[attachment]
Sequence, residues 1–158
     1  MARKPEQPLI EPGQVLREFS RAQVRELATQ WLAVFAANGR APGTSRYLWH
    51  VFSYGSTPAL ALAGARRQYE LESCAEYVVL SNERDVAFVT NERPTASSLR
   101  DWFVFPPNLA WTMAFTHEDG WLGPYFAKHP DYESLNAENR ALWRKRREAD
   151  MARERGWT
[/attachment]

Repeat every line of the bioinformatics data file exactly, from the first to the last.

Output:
Sequence, residues 1–158
     1  MARKPEQPLI EPGQVLREFS RAQVRELATQ WLAVFAANGR APGTSRYLWH
    51  VFSYGSTPAL ALAGARRQYE LESCAEYVVL SNERDVAFVT NERPTASSLR
   101  DWFVFPPNLA WTMAFTHEDG WLGPYFAKHP DYESLNAENR ALWRKRREAD
   151  MARERGWT